Contributed by Edmond Dougherty. This article originally appeared in KEEN Annual Report, 2019-2020. Reprinted with permission.
At Rochester Institute of Technology (RIT), a core team is working on a program to positively impact local and global communities while teaching students entrepreneurial mindset (EM). With assistance from KEEN, VentureWell, and others, faculty members Sarah Brownell, Marcos Esterman, Ann Howard, and Rob Stevens are revising and developing courses that allow students to solve community-identified issues.
Brownell explains the synergy: “Community partners bring local context, rich life experiences, and an organization of motivated people committed to improving community well-being. RIT students bring fresh perspectives, an understanding of emerging technologies, methods, and ideas, and access to university resources for research and design. Doing authentic, engaged projects takes a committed, open-minded, multidisciplinary team ready to explore motivations and values and cultivate trusting relationships.”
Two courses impacted include Sustainable Communities and Engineering and the Developing World.
Howard describes the EM component: “We want to help students understand that expertise comes in a variety of ways. Students appreciate people’s lived experiences, particularly the social-cultural context within which solutions have to be fashioned, which is important to success and is an area of learning often missed in technical education.”
At the heart of both courses are contemporary community challenges. Students team with community representatives to identify opportunities and select the ones with the most potential for positive impact. With community members, the teams then conduct research to understand the challenges through the lens of technology, sustainability, and culture.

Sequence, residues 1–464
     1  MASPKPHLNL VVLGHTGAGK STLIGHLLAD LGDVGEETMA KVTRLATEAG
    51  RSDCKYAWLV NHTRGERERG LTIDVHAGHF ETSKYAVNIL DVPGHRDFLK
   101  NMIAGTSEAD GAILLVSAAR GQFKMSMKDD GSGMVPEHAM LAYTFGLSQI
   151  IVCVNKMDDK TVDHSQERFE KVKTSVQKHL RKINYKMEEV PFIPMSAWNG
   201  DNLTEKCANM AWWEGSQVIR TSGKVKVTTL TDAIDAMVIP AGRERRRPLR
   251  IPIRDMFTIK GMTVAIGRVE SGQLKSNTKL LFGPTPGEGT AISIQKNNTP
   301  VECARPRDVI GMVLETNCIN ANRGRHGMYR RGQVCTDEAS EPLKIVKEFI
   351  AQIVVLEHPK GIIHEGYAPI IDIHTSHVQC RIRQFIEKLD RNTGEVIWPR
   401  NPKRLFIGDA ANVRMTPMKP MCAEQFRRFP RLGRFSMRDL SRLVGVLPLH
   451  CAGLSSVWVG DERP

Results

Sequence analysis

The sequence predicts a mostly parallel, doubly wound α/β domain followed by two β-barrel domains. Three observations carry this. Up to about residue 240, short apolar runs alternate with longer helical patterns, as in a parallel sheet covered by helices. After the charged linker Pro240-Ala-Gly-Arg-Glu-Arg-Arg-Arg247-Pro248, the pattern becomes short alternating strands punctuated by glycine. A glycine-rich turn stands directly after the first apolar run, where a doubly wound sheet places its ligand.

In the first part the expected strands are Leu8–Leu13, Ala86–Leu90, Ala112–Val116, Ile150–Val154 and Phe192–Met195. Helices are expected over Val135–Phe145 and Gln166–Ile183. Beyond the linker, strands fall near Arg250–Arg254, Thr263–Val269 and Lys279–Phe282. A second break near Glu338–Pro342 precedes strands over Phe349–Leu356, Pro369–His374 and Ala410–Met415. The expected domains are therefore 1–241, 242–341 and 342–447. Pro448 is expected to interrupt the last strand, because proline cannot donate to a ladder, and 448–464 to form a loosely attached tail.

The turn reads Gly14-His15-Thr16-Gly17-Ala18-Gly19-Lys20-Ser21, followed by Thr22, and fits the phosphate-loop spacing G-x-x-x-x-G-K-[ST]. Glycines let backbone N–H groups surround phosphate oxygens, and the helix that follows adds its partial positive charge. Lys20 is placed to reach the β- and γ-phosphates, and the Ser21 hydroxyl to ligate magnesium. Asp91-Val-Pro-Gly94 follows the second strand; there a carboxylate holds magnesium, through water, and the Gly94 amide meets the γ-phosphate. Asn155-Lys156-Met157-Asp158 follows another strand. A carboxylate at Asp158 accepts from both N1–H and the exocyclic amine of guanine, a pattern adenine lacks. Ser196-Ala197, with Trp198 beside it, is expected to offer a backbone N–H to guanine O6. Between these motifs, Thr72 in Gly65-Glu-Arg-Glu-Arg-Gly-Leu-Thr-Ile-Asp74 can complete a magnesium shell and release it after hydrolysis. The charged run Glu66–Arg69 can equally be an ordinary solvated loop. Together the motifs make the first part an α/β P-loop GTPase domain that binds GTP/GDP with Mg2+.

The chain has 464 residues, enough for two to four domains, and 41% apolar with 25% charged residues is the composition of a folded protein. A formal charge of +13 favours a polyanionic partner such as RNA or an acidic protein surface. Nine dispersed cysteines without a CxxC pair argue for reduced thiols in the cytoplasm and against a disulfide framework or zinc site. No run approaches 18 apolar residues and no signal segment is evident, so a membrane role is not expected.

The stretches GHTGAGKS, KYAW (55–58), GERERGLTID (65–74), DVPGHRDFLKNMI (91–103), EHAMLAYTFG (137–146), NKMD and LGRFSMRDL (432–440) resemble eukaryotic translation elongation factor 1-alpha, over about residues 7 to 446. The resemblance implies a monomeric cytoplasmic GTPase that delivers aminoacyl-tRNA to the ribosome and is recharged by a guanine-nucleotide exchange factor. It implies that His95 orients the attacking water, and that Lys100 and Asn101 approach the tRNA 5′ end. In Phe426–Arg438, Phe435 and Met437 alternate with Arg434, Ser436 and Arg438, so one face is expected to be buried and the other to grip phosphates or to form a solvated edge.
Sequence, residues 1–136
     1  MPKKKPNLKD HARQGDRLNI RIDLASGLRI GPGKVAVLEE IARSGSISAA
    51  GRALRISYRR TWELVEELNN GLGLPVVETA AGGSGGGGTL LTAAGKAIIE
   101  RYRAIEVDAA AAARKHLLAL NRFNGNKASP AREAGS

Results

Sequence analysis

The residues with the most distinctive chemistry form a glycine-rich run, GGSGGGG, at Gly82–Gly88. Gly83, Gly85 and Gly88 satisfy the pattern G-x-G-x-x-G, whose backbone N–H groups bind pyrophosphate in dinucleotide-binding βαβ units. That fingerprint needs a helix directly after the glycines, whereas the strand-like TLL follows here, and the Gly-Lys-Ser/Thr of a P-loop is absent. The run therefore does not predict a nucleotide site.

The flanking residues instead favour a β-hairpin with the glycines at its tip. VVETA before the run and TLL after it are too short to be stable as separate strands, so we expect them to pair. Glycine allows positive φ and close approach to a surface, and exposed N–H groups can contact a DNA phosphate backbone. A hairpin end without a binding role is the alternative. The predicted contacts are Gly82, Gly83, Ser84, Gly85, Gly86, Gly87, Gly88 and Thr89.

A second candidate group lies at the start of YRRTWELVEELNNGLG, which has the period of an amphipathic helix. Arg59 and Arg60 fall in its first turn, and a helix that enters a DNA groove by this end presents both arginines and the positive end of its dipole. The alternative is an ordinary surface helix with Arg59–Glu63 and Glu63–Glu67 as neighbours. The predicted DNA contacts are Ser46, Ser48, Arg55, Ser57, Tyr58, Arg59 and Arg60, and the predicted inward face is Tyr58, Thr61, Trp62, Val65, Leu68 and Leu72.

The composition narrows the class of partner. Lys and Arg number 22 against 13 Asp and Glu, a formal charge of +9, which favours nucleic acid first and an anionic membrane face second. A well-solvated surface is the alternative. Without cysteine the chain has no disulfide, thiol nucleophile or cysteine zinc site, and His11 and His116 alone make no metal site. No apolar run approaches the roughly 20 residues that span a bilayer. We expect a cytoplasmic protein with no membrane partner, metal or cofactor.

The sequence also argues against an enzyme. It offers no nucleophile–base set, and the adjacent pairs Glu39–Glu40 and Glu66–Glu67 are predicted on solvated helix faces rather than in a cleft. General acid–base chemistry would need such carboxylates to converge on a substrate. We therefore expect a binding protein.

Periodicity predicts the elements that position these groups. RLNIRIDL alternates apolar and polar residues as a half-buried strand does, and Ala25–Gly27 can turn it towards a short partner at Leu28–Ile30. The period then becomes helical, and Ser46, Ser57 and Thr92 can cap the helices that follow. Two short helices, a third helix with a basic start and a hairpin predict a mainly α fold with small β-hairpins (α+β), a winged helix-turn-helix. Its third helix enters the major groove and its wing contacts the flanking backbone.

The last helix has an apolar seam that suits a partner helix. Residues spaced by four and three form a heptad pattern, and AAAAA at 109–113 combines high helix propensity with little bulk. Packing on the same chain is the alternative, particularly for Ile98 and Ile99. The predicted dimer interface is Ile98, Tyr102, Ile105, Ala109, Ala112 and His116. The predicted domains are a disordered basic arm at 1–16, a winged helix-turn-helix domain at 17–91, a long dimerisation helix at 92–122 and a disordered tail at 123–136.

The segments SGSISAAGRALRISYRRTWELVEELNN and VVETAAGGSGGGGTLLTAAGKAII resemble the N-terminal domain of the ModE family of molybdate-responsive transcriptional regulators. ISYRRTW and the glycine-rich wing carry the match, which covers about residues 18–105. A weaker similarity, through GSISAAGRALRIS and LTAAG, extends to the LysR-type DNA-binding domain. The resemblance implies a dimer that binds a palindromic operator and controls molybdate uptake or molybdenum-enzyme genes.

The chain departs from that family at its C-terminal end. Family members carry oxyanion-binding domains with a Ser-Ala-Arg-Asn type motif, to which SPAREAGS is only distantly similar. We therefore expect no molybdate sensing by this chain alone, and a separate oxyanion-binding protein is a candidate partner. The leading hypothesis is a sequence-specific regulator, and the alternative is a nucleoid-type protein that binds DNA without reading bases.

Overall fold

“The key to success is long-term partnerships,” Howard explains. “These are not one-off projects where we drop students into the community and pull them out again. We want to create a real sense of trust. By having those long-term relationships, we learn more about where the community partners want us to apply our expertise. Often the outcomes are iterative; some projects can last several semesters.”
RIT is a mandatory co-op school.
Esterman states, “Community projects work well as co-op experiences. Students in the field identify gaps and new challenges, and these cycle into projects for the following year. We're setting up a virtuous cycle where projects are not only learning experiences but continue to have meaningful impact.”
Past iterative projects include converting agricultural waste into products, electrification in rural areas, custom irrigation systems for community gardens, and the development of production tools such as dryers and presses.
Sustainable Communities students conduct interviews with project stakeholders.
Engineering and Developing World students setting up for gathering feedback from interactive prototypes at the International Market in Rochester.
RIT students collaborating with the Mothers’ Club (yellow shirts) in Borgne, Haiti on income generation projects for rural women.
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